Chapter 1: Support strategies

Strategies to help children feel safe and secure

The expert says
Andrea Warnick, children's grief therapist, speaks about balancing routine with capturing precious remaining time.(3:22)Video transcript
The expert says
Andrea Warnick, children's grief therapist, talks about the importance of maintaining rules and routines.(3:22)Video transcript
I've been there
David speaks about supporting his grieving son during his return to school.(3:22)Video transcript

After my husband died, everyone felt so badly for the kids that the rules went out the window. In the long run it made parenting on my own much more difficult.


Day-to-day life can be seriously disrupted when a family member is dying or has died. Maintaining routines, limits and expectations as much as possible will help your children feel safe and secure.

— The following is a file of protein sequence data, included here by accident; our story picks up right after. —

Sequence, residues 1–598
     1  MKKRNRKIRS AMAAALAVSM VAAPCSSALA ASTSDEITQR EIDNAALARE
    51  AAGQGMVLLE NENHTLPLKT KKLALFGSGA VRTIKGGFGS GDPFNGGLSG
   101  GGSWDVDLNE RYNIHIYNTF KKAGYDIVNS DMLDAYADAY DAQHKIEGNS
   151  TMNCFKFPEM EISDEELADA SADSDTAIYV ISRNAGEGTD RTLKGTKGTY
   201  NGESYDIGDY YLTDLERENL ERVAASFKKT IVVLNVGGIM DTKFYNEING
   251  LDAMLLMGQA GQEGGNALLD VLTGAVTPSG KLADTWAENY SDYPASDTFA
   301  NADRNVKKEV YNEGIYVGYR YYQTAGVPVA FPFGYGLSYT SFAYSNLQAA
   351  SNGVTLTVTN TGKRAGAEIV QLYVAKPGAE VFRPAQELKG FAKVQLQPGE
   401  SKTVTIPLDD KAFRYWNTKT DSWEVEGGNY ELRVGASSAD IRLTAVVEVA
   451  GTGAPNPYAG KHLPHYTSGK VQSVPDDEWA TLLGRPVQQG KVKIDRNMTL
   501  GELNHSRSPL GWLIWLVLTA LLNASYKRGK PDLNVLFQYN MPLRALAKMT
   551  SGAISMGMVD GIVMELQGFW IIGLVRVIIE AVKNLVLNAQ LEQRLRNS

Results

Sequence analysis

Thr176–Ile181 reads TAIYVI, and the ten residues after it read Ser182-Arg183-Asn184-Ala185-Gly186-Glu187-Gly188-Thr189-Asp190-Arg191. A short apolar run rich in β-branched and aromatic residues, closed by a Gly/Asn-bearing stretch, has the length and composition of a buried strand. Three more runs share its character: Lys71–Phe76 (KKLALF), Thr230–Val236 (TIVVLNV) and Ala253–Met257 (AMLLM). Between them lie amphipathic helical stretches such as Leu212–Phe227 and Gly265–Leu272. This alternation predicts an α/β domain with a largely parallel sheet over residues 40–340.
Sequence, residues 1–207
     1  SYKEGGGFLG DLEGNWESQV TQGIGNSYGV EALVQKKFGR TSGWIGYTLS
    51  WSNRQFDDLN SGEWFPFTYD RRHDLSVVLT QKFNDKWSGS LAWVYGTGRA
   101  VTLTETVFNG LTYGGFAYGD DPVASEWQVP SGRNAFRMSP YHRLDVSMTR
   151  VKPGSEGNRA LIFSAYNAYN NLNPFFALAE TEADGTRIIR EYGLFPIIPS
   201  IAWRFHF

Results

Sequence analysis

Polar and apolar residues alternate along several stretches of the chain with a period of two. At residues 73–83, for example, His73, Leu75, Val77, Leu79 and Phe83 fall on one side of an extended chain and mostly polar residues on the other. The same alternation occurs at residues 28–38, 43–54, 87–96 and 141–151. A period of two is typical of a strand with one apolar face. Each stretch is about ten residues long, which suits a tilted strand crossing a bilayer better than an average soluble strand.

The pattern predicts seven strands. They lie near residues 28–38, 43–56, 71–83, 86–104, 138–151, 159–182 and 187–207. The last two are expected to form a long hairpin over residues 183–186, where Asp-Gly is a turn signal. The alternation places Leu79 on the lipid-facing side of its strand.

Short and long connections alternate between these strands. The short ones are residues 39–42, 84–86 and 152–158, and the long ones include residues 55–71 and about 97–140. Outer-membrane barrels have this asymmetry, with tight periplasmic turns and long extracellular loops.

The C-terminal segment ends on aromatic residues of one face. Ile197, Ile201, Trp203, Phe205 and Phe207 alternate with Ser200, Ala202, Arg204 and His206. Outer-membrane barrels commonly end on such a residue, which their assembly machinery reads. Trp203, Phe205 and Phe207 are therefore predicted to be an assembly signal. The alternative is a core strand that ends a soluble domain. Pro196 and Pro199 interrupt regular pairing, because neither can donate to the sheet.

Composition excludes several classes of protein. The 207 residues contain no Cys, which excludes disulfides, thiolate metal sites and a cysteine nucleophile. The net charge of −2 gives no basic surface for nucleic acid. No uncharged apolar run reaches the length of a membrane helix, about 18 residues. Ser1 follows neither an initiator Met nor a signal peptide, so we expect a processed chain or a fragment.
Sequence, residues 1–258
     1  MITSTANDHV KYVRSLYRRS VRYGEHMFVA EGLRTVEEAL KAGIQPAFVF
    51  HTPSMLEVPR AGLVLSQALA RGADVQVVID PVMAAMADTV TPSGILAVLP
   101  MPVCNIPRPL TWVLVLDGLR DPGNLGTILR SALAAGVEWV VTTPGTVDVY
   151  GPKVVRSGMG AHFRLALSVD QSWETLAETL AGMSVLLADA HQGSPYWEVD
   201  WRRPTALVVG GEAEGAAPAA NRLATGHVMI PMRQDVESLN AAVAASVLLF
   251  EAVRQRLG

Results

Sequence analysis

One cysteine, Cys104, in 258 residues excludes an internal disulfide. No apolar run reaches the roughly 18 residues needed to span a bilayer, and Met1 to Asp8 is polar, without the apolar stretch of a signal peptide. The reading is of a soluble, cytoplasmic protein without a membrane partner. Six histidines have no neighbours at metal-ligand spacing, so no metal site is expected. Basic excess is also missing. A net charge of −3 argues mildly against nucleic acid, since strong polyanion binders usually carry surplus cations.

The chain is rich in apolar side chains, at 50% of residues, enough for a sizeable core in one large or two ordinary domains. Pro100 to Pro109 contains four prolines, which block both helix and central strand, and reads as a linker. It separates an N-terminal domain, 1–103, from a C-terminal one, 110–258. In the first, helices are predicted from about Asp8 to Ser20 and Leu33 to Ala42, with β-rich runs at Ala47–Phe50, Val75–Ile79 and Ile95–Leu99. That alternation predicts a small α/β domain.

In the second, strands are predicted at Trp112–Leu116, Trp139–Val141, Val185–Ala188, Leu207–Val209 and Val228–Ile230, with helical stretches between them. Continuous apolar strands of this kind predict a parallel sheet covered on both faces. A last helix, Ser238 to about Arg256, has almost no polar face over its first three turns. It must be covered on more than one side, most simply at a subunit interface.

Keep routines as regular as possible. For example:

  • Continue with school and daycare.
  • Keep a regular bedtime.


Limits and expectations

Try to be consistent and predictable. It’s easier for children to control their behaviour when they know their parent always responds the same way. For example:

  • When a child receives the same consequence every time they hit a family member, they’ll stop this behaviour much more quickly than the child who sometimes gets away with it.



Try not to overindulge your children over a long period of time. For example:

  • Some people try to ease children’s grief by showering them with gifts. 
  • This can create unrealistic expectations which can create additional challenges for parents.

While it may seem caring to indulge grieving children, they benefit most from the time and attention of adults who are emotionally available to them.